Art exhibition in Beirut
Focus Area
Culture & Tourism
Local Partners
Beirut Art Center
Budget
$50,000
Geographic Scope
Beirut

SEAL sponsored the 2015 and 2016 exhibition program at Beirut Art Center in Beirut.

Beirut Art Center's activities in 2015 and 2016 included a number of exhibitions that were organized throughout the year as part of a two-year program (2015-2016) titled Present Time, Ourselves. The art projects and collaborations were presented in a diverse range of media and disciplines and ran in parallel with a series of events including talks, performances and round table discussions, in addition to an educational and outreach program aimed at widening the exchange of ideas with a larger number of diversified audience.

The exhibitions of this program aimed to present practices involving very diverse media. A large number of the artworks presented involved “time-based media” and “time-based arts” such as cinema and dance, positioned in relation to visual arts. The purpose was to make an art center in a town and country living a long term crisis achieve a kind of awareness of time as a medium for sharing: which world do we stand in, from which historical perspective do we recognize ourselves? There are many aspects to the question of the present time, such as: on what level do we address the audience, and what definition of art do we want to activate?

Half of the sum of the SEAL grant was attributed to financing the 2015 program, which included 4 exhibitions. Unfinished Conversations with artists John Akomfrah, Penny Siopis and Zineb Sedira and Retrospective by Xavier Le Roy were important highlights of the 2015 program. 

With Unfinished Conversations, Beirut Art Center also initiated commissions to produce, translate and source texts that revolve around Stuart Hall’s thought and writings. Moreover, the projects that were launched around those exhibitions were aimed to engage more people of different ages and backgrounds so they could engage in conversation. Retrospective by Xavier Le Roy attracted a record number in terms of attendance, and initiated a major involvement from different groups of people, but also individuals who were first-time visitors of Beirut Art Center. To further explore that, Beirut Art Center organized a series of workshops on body, movement and space with the Lebanese dancers/performers who collaborated with Xavier Le Roy.

The other half of SEAL's grant was attributed to the 2016 program, including Landversation Beirut: Otobong Nkanga, a solo show of the Nigerian artist dealing with land as a place to build a community (February), Esma’, a group show about listening and some relationship between music and visual art (April), and a solo show of the artist Hassan Khan untitled The Portrait is an Address (September).

Beirut Art Center’s program for each of these exhibitions included a series of events, workshops and educational activities, screenings, and roundtable discussions.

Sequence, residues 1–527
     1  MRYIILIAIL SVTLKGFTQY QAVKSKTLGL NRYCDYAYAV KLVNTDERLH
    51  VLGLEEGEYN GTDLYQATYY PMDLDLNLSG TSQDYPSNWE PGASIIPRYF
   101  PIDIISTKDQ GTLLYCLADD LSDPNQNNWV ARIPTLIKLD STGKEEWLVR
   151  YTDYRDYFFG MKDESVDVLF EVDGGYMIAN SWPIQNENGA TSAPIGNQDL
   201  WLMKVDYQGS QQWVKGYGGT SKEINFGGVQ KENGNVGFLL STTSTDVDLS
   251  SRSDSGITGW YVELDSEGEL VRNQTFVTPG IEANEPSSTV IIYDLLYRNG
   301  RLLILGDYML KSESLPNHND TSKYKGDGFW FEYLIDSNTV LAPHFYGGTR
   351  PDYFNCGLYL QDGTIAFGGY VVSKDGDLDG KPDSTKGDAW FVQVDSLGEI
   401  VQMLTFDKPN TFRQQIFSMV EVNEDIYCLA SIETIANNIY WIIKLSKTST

BAC contributes to the development of the cultural economy in the country on different levels: 

• Artist Economic Professionalization

By producing new works and giving visibility through large-scale exhibitions, BAC helps many artists in developing their career, selling their artworks, generating incomes, and helping their families and communities.

Moreover, BAC also supports emerging artists in Lebanon through its annual exhibition, Exposure. This exhibition provides to these promising artists a greater visibility on the local and international art scenes. BAC supports them financially by producing their new works for the show, helping them surmount the financial difficulty that may impede their success. BAC presented five editions of Exposure, and the benefits of this yearly awaited, emerging artist exhibition are very palpable.

• Staff Professionalization

BAC's staff has expanded throughout the years. When BAC first opened, its staff consisted of seven members. At present, the center employs 11 staff members that come from various religious affiliations and social-economic backgrounds. BAC often employs young people that are starting to work in the cultural sector. They benefit from an important experience that will allow them to develop their careers in this field.

• Contribution to a Larger Economy

In order to produce its yearly program, BAC also contributes to a larger economy, involving different categories of human labour in the Lebanese workforce. These include art critics, designers, translators, educators, and librarians, butalso technicians, shippers, caterers, insurance agents, and blue-collar laborers, among others.

• Audience Outreach and Tourism Economy

BAC has become a landmark in the art field. International curators, researchers, gallery owners, journalists and other international cultural actors, come regularly to Beirut to discover the art scene, and visit BAC’s exhibitions. BAC also invites international artists, curators, and scholars from abroad to participate in its exhibitions, parallel events, and educational program on a regular basis. This contributes to the Tourism Economy. Moreover, an important part of of BAC’s mission is to make contemporary art accessible to a wider audience. This isdone by using different communication tools and by developing an outreach program for schools, universities, and community centers. We believe that increasing BAC’s audience will also aid in developing the Cultural Economy in the long term.

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